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Cad. Saúde Pública vol.24 n.4 Rio de Janeiro Apr. 2008
The current context for research in Public Oral Health
Samuel Jorge Moysés
Pontifícia Universidade Católica do Paraná/Universidade Federal do Paraná, Curitiba, Curitiba, Brasil. firstname.lastname@example.org
A valid concept for understanding scientific output in a given historical period is expressed by the German term zeitgeist, that is, the "spirit" of a given epoch and its problems, translated in the respective research agendas. From the "odontological" point of view, the most globally relevant research areas over the course of the 20th century were identified by the International Dental Federation (IDF) in Top Ten Advances in Oral & Dental Research 1900-2000, during the celebration of the Federation's centennial: (1) fluorides; (2) implants and osseointegration; (3) dental plaque; (4) adhesive systems; (5) prevention of periodontal disease; (6) composite resins; (7) local anesthesia; (8) antibiotics; (9) tissue regeneration; and (10) caries prevention.
Some of these research themes appear to have produced an impact by reducing the burden of disease and suffering for contemporary populations. Nevertheless, in the Brazilian case this trend appears not to have occurred with the same broad and sustainable scope, judging by the disappointing results of the latest national oral health epidemiological survey (SB-Brasil-2003). Strictly speaking, and observing in more detail the "ten advances", they appear to relate more to disease-centered biomedical "technologies", which may constitute an "epistemic anomaly" that requires a paradigm shift.
If not a shift or break, at least an updating of the problems on the global agenda has received consideration by the World Health Organization (WHO). The WHO has specifically called for greater research efforts in the areas of: inequities/inequalities in oral health; psychosocial implications of the oral health-disease process; strategies to reduce oral harm caused by accidents, violence, and legal and illicit drugs; interrelations between overall health, oral health, and quality of life; and a better understanding of the associations between sexually transmitted diseases and oral health.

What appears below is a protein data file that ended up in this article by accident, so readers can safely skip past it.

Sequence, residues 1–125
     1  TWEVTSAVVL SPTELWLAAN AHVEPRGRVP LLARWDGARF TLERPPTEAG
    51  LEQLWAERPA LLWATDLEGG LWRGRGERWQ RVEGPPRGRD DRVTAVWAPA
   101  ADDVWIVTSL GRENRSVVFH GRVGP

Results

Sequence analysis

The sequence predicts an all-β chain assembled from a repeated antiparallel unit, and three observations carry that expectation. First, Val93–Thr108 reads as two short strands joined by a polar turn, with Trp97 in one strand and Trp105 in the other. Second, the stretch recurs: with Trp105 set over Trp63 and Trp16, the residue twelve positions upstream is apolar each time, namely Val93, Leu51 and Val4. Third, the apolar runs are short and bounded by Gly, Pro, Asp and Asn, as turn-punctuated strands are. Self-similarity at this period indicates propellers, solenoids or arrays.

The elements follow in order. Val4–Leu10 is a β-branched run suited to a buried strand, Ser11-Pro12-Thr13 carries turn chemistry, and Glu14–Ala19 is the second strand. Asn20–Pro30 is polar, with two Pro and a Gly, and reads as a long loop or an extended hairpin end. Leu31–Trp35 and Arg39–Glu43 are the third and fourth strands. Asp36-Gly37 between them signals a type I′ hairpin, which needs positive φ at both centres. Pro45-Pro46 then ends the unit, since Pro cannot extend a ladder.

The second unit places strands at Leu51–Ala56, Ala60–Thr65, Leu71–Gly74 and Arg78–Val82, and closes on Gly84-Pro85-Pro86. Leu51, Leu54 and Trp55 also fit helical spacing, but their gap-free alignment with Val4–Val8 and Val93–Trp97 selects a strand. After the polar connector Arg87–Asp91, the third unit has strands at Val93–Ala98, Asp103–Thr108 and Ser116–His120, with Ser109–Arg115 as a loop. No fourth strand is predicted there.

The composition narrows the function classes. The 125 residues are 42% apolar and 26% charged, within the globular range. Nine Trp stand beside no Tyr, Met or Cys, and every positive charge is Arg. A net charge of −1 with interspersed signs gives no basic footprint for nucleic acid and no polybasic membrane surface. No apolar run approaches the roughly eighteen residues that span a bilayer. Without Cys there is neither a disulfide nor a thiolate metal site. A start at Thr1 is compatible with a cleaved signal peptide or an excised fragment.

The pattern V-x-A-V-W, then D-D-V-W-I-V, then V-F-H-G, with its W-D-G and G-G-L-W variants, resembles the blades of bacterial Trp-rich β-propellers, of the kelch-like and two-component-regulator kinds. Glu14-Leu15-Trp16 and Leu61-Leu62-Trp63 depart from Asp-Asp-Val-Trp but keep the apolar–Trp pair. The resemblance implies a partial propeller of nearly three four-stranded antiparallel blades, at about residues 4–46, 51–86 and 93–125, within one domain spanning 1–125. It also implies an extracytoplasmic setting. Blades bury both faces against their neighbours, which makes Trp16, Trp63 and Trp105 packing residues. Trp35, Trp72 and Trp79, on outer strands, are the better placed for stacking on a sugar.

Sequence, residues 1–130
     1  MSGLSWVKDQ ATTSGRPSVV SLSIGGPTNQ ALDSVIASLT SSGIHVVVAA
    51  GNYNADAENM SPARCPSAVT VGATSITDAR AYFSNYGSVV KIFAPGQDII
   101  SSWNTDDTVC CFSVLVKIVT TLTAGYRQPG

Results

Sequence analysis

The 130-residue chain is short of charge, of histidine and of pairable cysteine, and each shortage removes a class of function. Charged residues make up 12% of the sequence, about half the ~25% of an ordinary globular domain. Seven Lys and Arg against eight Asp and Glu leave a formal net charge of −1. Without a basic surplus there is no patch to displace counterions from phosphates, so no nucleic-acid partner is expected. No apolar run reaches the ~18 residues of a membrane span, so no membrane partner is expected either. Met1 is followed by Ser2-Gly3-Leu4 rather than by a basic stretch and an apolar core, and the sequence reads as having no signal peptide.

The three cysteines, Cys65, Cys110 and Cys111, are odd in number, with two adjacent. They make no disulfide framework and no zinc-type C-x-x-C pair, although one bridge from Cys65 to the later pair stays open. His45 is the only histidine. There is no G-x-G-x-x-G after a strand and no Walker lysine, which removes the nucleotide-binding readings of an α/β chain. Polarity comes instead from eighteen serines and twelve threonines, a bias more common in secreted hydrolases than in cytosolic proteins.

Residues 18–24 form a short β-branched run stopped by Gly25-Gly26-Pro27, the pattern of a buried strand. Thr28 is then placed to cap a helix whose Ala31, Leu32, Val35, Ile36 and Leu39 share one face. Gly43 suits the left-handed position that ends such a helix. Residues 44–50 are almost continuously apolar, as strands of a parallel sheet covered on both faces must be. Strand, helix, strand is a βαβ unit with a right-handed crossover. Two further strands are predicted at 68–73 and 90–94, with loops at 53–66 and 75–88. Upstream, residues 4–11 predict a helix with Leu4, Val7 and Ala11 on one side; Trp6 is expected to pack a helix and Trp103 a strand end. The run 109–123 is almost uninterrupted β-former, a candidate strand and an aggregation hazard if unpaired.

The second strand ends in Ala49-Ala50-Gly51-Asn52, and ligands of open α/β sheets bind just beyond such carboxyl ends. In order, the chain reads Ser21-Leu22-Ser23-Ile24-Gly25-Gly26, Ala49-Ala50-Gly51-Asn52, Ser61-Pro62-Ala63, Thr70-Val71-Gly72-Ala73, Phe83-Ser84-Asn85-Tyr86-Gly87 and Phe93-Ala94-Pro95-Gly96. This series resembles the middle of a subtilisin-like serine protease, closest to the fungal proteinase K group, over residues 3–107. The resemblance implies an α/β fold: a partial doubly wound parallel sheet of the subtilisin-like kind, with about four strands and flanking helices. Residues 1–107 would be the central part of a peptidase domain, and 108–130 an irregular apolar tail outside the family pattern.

The international priorities proposed by the WHO are certainly useful for the Public Oral Health agenda in Brazil. However, when thinking "glocal", it is important to maintain a strategic direction in the oral health sector's science policy, researching such themes as: technological assessment of the effectiveness of less invasive and non-invasive collective and individual interventions in basic and specialized care, even contrary to the dental market economy; geographic/populational approaches to groups and events that characterize socially determined exclusion and morbidity; knowledge of the structural and environmental dimensions that influence the health of communities, families, and individuals, characterizing multi-level studies; matrix-based studies in the field of health promotion, approaching inter-sector paths by which different states of health and well-being are socially constructed, in settings that favor liberating pedagogies focused on improving health systems and services.
Research funding agencies can define more clearly the strategic fields of study that are socially and scientifically relevant, since the growing number of published articles does not necessarily correspond to fertilization of useful knowledge, as observed in an article in this same journal (Cad Saúde Pública 2007; 23:3041-50). Emphasizing Brazilian research priorities will avoid the naïve dissemination of activities with limited scientific value and no evidence of a transforming impact.